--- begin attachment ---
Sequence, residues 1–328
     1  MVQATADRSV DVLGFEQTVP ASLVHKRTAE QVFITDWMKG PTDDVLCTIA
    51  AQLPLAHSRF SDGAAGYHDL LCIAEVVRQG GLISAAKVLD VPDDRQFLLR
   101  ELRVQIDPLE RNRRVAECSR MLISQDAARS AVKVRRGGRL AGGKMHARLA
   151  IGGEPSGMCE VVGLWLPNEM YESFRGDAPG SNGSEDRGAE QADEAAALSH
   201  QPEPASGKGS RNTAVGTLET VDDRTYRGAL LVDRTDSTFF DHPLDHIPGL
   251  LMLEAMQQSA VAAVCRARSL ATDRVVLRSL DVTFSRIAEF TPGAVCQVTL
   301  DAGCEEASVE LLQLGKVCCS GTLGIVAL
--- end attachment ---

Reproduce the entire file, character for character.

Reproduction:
Sequence, residues 1–328
     1  MVQATADRSV DVLGFEQTVP ASLVHKRTAE QVFITDWMKG PTDDVLCTIA
    51  AQLPLAHSRF SDGAAGYHDL LCIAEVVRQG GLISAAKVLD VPDDRQFLLR
   101  ELRVQIDPLE RNRRVAECSR MLISQDAARS AVKVRRGGRL AGGKMHARLA
   151  IGGEPSGMCE VVGLWLPNEM YESFRGDAPG SNGSEDRGAE QADEAAALSH
   201  QPEPASGKGS RNTAVGTLET VDDRTYRGAL LVDRTDSTFF DHPLDHIPGL
   251  LMLEAMQQSA VAAVCRARSL ATDRVVLRSL DVTFSRIAEF TPGAVCQVTL
   301  DAGCEEASVE LLQLGKVCCS GTLGIVAL